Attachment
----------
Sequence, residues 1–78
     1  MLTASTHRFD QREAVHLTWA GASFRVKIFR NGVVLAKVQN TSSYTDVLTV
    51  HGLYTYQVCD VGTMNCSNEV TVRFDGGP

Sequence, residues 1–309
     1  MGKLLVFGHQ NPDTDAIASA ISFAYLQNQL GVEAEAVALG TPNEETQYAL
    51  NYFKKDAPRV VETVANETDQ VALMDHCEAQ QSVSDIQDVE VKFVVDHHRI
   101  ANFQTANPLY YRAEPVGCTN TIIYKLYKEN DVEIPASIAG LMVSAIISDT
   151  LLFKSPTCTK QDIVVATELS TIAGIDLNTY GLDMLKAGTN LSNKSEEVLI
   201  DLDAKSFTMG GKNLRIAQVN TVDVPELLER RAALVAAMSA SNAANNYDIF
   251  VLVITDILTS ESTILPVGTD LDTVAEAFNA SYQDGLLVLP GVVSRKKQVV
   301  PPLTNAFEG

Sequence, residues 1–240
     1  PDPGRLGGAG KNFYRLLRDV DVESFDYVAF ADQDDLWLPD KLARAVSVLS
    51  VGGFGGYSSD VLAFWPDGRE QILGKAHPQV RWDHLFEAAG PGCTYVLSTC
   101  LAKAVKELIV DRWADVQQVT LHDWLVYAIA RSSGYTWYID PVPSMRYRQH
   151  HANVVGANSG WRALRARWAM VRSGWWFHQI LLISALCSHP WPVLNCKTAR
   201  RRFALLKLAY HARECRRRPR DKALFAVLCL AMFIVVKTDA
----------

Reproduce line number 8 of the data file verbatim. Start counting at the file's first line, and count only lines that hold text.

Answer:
   151  LLFKSPTCTK QDIVVATELS TIAGIDLNTY GLDMLKAGTN LSNKSEEVLI